Image Credit © NVIDIA
All you need is a computer, modern GPUs, and great hair. The SIGGRAPH 2023 Technical Paper “Interactive Hair Simulation on the GPU Using ADMM” has been on everyone’s mind lately. To learn what all of the buzz is about, SIGGRAPH hopped in the barber’s chair and caught up with Gilles Daviet (research scientist, NVIDIA) to take a closer look at his research, why he chose to use ADMM for this project, and how this technology could transform the future.
SIGGRAPH: Share some background about “Interactive Hair Simulation on the GPU Using ADMM.” What inspired this research?
Gilles Daviet (GD): The inspiration came from a longstanding problem in hair animation: how to ensure that a digital groom — modeled to precisely match a reference model or photograph — behaves as expected when simulated. Traditional tools use a purely geometric modeling approach, meaning that the resulting groom doesn’t react to physical constraints and forces. Once simulated, it tends to sag under gravity, losing its artistry — and sometimes contains layering issues that prevent the hair from behaving naturally.
Our approach’s significant breakthrough is modeling hair in an always-on physics environment. As long as the grooming simulator and animation simulator are consistent (which we can assess by comparing their behavior in a set of controlled experiments), we know the overall look will not be degraded when simulated in real shots.
SIGGRAPH: This research is the first of its kind. What challenges did you face while pioneering this research?
GD: Hair simulation has been the subject of active research for many years. The extremely large computation times hindered past attempts’ usability. The major breakthrough in this paper is an algorithm leveraging the potential of modern GPUs, which provide faster feedback times than previously possible.
SIGGRAPH: Why did you choose ADMM to create this project?
GD: Hair simulation is challenging for two main reasons. First, hair strands are stiff and slender objects, exhibiting many nonlinearities that create numerical difficulties — such as the coupling between the bending and twisting modes, which result visually in the formation of plectonemes. Second, hair comes in quantities of thousands of strands, all interacting through dry, frictional collisions.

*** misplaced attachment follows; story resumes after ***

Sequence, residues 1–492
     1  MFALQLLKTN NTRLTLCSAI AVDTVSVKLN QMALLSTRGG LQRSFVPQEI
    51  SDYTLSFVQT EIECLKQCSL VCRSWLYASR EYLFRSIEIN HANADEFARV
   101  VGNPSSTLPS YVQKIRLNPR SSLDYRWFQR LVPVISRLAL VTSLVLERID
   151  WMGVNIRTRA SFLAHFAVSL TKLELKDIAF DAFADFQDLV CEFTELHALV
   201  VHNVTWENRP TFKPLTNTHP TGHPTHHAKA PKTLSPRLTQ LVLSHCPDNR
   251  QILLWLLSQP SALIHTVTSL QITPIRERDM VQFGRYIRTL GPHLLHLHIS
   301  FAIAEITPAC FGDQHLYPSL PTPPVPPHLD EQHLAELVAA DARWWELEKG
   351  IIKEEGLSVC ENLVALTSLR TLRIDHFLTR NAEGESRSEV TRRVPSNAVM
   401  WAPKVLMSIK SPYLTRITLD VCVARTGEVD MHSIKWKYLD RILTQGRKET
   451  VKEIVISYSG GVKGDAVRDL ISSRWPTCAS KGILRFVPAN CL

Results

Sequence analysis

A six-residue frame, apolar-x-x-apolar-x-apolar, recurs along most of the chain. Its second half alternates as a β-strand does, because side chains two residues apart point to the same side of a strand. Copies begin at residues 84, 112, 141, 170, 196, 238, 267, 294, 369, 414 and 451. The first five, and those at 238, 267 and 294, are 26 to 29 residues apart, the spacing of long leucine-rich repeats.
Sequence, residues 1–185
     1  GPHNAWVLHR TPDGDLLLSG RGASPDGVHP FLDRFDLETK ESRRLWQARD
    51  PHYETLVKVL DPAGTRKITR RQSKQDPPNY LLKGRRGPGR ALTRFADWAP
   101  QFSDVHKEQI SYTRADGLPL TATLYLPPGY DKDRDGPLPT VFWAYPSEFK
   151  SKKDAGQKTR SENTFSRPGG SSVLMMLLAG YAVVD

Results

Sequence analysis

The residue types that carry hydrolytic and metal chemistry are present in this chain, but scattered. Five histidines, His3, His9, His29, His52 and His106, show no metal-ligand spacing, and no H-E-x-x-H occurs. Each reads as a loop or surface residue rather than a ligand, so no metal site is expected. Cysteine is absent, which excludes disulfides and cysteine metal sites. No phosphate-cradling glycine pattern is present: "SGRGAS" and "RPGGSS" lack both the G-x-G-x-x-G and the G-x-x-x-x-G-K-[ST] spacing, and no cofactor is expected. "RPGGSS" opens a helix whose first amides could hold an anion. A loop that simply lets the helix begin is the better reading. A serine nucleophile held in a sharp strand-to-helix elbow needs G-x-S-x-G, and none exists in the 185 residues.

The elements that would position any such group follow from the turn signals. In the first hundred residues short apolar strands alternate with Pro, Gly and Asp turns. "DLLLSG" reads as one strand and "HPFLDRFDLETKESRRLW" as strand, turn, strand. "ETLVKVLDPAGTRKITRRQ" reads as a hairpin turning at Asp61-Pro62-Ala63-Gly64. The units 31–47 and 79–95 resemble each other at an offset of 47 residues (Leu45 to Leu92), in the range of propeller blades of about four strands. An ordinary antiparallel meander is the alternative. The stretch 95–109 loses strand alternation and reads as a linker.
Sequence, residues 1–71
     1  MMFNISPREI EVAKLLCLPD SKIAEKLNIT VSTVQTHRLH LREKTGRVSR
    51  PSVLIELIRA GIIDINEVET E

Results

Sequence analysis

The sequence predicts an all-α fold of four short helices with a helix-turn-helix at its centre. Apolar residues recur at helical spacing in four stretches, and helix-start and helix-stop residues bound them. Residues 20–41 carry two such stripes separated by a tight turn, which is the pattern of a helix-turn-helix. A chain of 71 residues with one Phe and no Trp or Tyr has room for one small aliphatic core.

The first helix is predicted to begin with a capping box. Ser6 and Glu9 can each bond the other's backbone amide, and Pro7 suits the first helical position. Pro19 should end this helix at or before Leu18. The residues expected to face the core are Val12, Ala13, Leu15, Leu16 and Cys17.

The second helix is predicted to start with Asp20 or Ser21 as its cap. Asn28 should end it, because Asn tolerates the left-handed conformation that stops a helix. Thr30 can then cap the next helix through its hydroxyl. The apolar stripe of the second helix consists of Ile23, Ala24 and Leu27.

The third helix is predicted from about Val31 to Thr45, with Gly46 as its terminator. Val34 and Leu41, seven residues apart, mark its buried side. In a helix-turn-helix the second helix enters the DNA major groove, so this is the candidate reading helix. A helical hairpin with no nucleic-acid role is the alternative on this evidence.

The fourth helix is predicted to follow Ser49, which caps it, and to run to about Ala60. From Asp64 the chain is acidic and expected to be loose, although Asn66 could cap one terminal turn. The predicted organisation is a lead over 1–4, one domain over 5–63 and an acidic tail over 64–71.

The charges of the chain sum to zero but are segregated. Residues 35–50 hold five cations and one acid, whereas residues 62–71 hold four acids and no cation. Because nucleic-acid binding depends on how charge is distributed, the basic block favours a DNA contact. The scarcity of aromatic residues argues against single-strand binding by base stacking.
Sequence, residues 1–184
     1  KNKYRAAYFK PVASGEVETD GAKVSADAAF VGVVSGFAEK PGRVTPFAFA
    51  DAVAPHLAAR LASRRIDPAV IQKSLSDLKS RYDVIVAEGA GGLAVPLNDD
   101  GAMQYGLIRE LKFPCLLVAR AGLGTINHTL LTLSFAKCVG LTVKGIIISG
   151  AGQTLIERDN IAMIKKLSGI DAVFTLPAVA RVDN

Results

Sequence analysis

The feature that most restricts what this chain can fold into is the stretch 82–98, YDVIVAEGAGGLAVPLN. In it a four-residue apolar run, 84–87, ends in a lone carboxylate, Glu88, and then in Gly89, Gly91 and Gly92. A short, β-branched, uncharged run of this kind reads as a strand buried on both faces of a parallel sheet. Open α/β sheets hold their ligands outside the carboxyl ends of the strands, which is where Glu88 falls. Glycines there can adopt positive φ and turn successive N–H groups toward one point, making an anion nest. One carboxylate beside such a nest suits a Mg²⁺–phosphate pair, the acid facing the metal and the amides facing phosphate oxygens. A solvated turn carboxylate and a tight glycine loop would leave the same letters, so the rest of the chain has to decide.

ADMM allows us to separate these two difficulties and tackle each problem with dedicated, GPU-friendly optimizers for a more efficient solution, and each iteration of the algorithm is more affordable. While many iterations are required to achieve final convergence, in a quasi-static environment — such as those used for physics-based editing — we can quickly provide intermediate results to the user before continuing optimization at the next frame. This leads to a more interactive experience for the developer.
One challenge of ADMM is its hyperparameters, or constraint weight, which can drastically slow down convergence if set improperly. However, within our context of hair simulation, the range of physical parameters we encounter is fairly narrow, making it possible to devise heuristics for setting those hyperparameters in a way that will keep the solver running smoothly.
SIGGRAPH: How do you imagine this technology will transform in the future? What do you envision it being used for?
GD: The original goal of this research is to make the creation of physics-ready digital grooms more tractable — but it has taken on an exciting life of its own, with some readers imagining it powering a hair salon simulator game. To make such applications possible, we’ll need to imagine new ways of interacting with the digital hair on top of the raw simulation technology to make the experience more lifelike.
SIGGRAPH: What are you looking forward to most at SIGGRAPH 2023?
GD: SIGGRAPH brings together a very diverse audience showcasing unique, unexpected ideas. I look forward to seeing the surprises in store.
SIGGRAPH: What advice do you have for researchers who are considering submitting to SIGGRAPH Technical Papers in the future?
GD: Submit your work! Feedback from the SIGGRAPH reviewers and community is invaluable. If the validation and comparisons required for the Journal Track sound too intimidating, the Dual-Track submissions is a more approachable way to get your paper published.
SIGGRAPH 2023 is just around the corner. Explore high-quality research papers, such as this, when you join us this August in Los Angeles.
Gilles Daviet is a research scientist at NVIDIA developing interactive, high-fidelity simulations for NVIDIA Omniverse. Prior to NVIDIA, Daviet spent several years in the VFX industry, working on physics-based animation of virtual characters and their environments. He was a co-recipient of the Technical Achievement Award from the Academy of Motion Picture Arts and Sciences and received his Ph.D. in mathematics and computer science from Grenoble Alpes University.